Thank you to Dr Malhotra for drawing attention to a controversial subject.
It was thoroughly gratifying to read the following key points in Dr Malhotra’s article:
1) Dietary carbohydrates increase levels of highly atherogenic small, dense LDL cholesterol (sdLDL-C).
2) Dietary saturated fat increases levels of both HDL cholesterol (which is inversely correlated with cardiovascular disease) and large buoyant LDL cholesterol (which is not known to be atherogenic).
A couple of points that weren’t mentioned in the article: the type of monosaccharide consumed also matters – many recent studies show that fructose seems to alter the LDL subclass profile more adversely than glucose does.
And when looking at a cholesterol profile, we need to start scrutinising the Triglyceride:HDL ratio, or even the triglyceride level alone, and stop focussing on the total LDL level.
(Because besides direct measurement of sdLDL, which is not currently available in most labs, the best predictor of sdLDL is the Triglyceride:HDL ratio or the triglyceride level alone).
For many years we have been unwittingly giving incorrect advice to our patients – for example from the 70’s onwards we have been telling them to cut down on eggs and other cholesterol rich foods (it has now been known for many years that dietary cholesterol does in fact reduce levels of sdLDL-C ); and that they should eat margarine instead of butter (at that time unbeknownst to us margarine used to be full of trans fats, and now they are full of pro-inflammatory omega-6 PUFAs).
It will take many years to convince the general public that dietary cholesterol and saturated fat are not the villains that they were once purported to be, and that it is in fact sugar, bread, rice, pasta, and sweet drinks (including juices and smoothies) that we should be avoiding instead of fat. We need to urgently start undoing the harm that we have done with the dietary advice that has been meted out over the last few decades; it is going to take a good few years, if not an entire generation, to counteract the current engrained thinking that a low-fat diet is the best diet. For example, despite headlines in the popular press proclaiming that it is now ok to eat eggs, it is still a widely held belief in the general population that egg yolks are a no-no.
I have an interest in nutrition and after having conducted much online research (mostly on pubmed) I have been trying for a few years to convince my medical friends of the following points, to no avail. (For some reason it has been much easier to convince non-medical friends):
• Food is not just a simple fuel for our bodies – we should remember that food is also a type of environmental exposure.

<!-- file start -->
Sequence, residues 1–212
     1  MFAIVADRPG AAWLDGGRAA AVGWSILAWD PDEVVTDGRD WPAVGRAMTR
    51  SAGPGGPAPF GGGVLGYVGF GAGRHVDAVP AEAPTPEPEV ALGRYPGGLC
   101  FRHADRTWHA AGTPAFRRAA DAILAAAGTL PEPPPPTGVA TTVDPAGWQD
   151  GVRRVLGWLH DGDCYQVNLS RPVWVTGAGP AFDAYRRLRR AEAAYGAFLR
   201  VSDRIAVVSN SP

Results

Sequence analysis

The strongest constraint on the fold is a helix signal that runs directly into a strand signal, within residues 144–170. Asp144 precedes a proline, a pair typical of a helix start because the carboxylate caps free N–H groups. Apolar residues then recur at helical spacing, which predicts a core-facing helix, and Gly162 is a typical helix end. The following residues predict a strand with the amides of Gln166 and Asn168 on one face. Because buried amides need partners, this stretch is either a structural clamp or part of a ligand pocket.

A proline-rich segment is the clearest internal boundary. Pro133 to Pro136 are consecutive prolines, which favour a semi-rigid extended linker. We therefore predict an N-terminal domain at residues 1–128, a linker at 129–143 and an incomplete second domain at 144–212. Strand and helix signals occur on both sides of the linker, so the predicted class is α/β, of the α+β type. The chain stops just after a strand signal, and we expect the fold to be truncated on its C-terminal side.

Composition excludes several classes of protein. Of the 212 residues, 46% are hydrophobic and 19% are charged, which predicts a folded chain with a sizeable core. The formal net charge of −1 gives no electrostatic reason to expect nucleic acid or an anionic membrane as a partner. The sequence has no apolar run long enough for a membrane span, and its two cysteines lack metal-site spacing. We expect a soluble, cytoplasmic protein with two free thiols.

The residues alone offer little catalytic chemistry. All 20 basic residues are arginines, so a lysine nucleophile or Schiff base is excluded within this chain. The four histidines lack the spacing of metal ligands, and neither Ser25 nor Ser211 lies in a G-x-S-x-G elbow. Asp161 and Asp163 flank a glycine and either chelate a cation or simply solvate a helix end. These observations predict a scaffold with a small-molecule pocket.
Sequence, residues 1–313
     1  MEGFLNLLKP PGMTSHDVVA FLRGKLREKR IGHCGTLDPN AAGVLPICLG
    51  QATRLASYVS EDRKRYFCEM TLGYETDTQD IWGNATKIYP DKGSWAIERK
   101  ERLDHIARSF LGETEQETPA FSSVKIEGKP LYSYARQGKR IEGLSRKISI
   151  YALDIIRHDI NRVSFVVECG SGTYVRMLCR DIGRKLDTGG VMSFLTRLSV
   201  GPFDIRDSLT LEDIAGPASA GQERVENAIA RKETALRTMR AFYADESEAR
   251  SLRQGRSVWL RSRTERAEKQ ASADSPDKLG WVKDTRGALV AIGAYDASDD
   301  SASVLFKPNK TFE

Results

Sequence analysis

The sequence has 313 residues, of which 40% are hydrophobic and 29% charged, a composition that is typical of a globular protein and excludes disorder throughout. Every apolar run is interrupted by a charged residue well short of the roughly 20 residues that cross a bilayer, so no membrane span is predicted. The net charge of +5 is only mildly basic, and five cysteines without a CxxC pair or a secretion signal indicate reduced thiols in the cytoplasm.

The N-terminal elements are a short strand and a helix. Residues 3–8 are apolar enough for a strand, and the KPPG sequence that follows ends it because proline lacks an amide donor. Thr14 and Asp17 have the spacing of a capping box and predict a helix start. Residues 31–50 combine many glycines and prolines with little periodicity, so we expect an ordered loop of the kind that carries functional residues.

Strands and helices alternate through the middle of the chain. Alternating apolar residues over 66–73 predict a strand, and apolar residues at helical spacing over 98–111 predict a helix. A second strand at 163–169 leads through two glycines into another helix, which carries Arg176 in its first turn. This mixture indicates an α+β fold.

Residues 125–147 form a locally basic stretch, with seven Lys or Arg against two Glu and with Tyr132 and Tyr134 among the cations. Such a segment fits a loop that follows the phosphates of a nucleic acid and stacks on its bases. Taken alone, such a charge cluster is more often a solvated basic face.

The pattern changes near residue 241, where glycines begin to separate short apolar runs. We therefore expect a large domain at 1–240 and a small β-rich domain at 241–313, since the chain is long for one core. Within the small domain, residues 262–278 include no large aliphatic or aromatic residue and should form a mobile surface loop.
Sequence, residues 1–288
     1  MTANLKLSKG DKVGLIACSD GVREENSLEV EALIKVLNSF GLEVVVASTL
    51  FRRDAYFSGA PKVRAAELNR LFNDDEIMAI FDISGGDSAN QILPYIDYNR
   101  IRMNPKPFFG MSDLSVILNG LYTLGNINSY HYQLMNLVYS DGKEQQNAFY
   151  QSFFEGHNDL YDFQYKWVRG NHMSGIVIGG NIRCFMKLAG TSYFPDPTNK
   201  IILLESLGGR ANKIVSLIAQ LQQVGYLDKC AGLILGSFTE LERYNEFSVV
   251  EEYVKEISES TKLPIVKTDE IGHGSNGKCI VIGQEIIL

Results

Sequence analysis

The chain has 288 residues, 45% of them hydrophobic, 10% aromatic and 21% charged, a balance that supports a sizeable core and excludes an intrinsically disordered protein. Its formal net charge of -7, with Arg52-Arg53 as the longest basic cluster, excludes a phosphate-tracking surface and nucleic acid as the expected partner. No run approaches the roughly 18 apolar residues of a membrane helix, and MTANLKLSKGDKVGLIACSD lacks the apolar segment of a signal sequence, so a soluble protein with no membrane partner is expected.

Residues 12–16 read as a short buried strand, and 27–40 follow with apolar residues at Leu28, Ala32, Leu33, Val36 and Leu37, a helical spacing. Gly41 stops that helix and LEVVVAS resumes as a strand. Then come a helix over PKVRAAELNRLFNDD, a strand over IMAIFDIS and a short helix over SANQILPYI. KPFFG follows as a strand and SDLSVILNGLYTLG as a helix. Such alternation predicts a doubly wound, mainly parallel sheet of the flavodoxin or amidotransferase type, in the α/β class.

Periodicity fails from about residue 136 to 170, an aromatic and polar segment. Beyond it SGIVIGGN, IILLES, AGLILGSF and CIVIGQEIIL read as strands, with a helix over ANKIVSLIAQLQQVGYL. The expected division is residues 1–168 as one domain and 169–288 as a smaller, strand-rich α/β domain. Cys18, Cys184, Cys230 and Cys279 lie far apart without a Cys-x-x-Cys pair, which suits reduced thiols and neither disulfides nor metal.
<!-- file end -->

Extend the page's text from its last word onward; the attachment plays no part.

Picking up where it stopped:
• Proper nutrition offers one of the cheapest and most effective ways of decreasing the risk of cardiovascular disease and many other Western diseases, including obesity.
• Small, dense LDL particles are particularly atherogenic.
• Levels of small, dense LDL particles are closely correlated with carbohydrate intake.
• Fructose increases levels of small, dense LDL particles more than glucose does.
• Saturated fat increases levels of HDL cholesterol.
• Saturated fat increases levels of large buoyant LDL cholesterol.
• A calorie to me isn’t the same as a calorie to you, because we both metabolise them differently.
• Chronic low-grade inflammation is a key step in most Western diseases (including obesity) and the ratio of omega 6 fatty acids to omega 3 fatty acids is crucial to the development inflammation.
• In general omega-6 PUFA are pro-inflammatory and omega-3 PUFA are anti-inflammatory.
• Just replacing carbohydrates with any old type of fat won’t do: we need to try and increase the ratio of omega-3 PUFA to omega-6 PUFA, (ideally it [the omega 6 to omega 3 ratio] should be around 3:1 or lower – hard to achieve when the average vegetable oil has a ratio of 15:1).
• The current obesity epidemic in Western countries might not be only about ‘too much food and too little exercise’; it is probably also due to a complex interaction between genetics, epigenetics, and the microbiota, (the usual suspects of food and exercise both cause epigenetic and gut microbiota changes).
• Cereal grains promote an inflammatory microbiota (and also cause leptin resistance). iv
• A diet of grain-free whole foods with carbohydrate and fibre from fruits and vegetables may produce a gastrointestinal microbiota consistent with our evolutionary condition, potentially explaining the exceptional macronutrient-independent metabolic health of populations consuming a Palaeolithic type diet.
(For those interested, part of the explanation for the atherogenicity of sdLDL-C is due to their reduced systemic clearance by the LDL receptor; their increased vulnerability to oxidation; they are retained preferentially by artery walls; and they carry lipoprotein-associated phopholipase, which has an important role in atherosclerosis).
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Insulin Resistance, Small LDL Particles, and Risk for Atherosclerotic Disease.
Competing interests: None declared